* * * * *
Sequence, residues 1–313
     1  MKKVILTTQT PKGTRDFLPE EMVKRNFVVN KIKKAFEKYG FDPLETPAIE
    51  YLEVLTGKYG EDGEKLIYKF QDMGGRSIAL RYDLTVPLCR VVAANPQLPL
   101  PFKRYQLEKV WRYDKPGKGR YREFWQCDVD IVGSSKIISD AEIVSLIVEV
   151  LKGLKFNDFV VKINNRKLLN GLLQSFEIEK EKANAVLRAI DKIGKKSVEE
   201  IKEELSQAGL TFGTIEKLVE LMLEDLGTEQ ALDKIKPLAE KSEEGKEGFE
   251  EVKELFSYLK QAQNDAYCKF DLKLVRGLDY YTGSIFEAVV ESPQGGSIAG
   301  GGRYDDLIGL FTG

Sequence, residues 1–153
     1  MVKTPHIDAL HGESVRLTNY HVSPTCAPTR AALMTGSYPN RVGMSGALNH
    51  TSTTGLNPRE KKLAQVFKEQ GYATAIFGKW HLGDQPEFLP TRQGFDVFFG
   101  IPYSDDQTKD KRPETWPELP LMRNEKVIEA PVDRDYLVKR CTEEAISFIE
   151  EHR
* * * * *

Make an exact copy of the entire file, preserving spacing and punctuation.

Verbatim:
Sequence, residues 1–313
     1  MKKVILTTQT PKGTRDFLPE EMVKRNFVVN KIKKAFEKYG FDPLETPAIE
    51  YLEVLTGKYG EDGEKLIYKF QDMGGRSIAL RYDLTVPLCR VVAANPQLPL
   101  PFKRYQLEKV WRYDKPGKGR YREFWQCDVD IVGSSKIISD AEIVSLIVEV
   151  LKGLKFNDFV VKINNRKLLN GLLQSFEIEK EKANAVLRAI DKIGKKSVEE
   201  IKEELSQAGL TFGTIEKLVE LMLEDLGTEQ ALDKIKPLAE KSEEGKEGFE
   251  EVKELFSYLK QAQNDAYCKF DLKLVRGLDY YTGSIFEAVV ESPQGGSIAG
   301  GGRYDDLIGL FTG

Sequence, residues 1–153
     1  MVKTPHIDAL HGESVRLTNY HVSPTCAPTR AALMTGSYPN RVGMSGALNH
    51  TSTTGLNPRE KKLAQVFKEQ GYATAIFGKW HLGDQPEFLP TRQGFDVFFG
   101  IPYSDDQTKD KRPETWPELP LMRNEKVIEA PVDRDYLVKR CTEEAISFIE
   151  EHR